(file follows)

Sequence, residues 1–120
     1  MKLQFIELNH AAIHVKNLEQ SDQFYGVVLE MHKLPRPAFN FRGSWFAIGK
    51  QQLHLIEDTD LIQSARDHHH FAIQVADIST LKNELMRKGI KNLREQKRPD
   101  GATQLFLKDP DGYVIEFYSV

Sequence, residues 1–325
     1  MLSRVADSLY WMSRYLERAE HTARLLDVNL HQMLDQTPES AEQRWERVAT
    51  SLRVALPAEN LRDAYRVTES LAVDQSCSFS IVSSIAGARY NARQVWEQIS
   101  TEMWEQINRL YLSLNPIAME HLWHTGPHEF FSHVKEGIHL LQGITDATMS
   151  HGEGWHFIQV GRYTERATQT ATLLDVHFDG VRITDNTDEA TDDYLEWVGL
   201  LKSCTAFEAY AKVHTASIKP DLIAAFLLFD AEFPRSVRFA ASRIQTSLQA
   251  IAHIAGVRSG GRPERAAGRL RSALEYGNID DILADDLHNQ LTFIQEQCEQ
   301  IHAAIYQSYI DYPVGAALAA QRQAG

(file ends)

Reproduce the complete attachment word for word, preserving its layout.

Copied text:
Sequence, residues 1–120
     1  MKLQFIELNH AAIHVKNLEQ SDQFYGVVLE MHKLPRPAFN FRGSWFAIGK
    51  QQLHLIEDTD LIQSARDHHH FAIQVADIST LKNELMRKGI KNLREQKRPD
   101  GATQLFLKDP DGYVIEFYSV

Sequence, residues 1–325
     1  MLSRVADSLY WMSRYLERAE HTARLLDVNL HQMLDQTPES AEQRWERVAT
    51  SLRVALPAEN LRDAYRVTES LAVDQSCSFS IVSSIAGARY NARQVWEQIS
   101  TEMWEQINRL YLSLNPIAME HLWHTGPHEF FSHVKEGIHL LQGITDATMS
   151  HGEGWHFIQV GRYTERATQT ATLLDVHFDG VRITDNTDEA TDDYLEWVGL
   201  LKSCTAFEAY AKVHTASIKP DLIAAFLLFD AEFPRSVRFA ASRIQTSLQA
   251  IAHIAGVRSG GRPERAAGRL RSALEYGNID DILADDLHNQ LTFIQEQCEQ
   301  IHAAIYQSYI DYPVGAALAA QRQAG